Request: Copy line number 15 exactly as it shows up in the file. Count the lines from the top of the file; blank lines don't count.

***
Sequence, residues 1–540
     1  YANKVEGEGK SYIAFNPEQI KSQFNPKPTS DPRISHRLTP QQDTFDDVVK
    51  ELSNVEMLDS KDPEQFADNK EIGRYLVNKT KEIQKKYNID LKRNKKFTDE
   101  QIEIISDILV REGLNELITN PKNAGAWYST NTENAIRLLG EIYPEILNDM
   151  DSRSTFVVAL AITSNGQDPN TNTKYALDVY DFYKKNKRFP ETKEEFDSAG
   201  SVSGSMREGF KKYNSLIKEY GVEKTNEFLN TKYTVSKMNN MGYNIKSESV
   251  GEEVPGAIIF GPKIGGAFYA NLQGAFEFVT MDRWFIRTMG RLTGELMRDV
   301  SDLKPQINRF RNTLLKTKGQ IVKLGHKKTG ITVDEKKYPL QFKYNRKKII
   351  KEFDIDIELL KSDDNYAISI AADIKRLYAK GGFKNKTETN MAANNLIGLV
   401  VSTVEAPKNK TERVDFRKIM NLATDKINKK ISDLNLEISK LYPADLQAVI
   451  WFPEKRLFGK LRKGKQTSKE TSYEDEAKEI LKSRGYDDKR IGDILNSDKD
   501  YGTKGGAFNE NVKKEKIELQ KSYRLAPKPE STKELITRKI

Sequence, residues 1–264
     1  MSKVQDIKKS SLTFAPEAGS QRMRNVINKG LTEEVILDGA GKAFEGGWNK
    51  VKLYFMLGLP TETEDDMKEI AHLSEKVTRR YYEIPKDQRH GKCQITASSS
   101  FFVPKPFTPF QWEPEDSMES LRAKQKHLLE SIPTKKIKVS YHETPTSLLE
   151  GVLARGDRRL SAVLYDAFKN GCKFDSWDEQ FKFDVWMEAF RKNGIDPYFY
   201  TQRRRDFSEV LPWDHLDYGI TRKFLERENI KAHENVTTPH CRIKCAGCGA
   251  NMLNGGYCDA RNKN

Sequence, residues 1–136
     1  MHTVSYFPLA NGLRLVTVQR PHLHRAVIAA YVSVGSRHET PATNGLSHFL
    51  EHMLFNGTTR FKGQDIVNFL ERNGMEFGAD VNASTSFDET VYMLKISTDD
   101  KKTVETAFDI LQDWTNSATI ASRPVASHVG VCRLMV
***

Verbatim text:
    51  VKLYFMLGLP TETEDDMKEI AHLSEKVTRR YYEIPKDQRH GKCQITASSS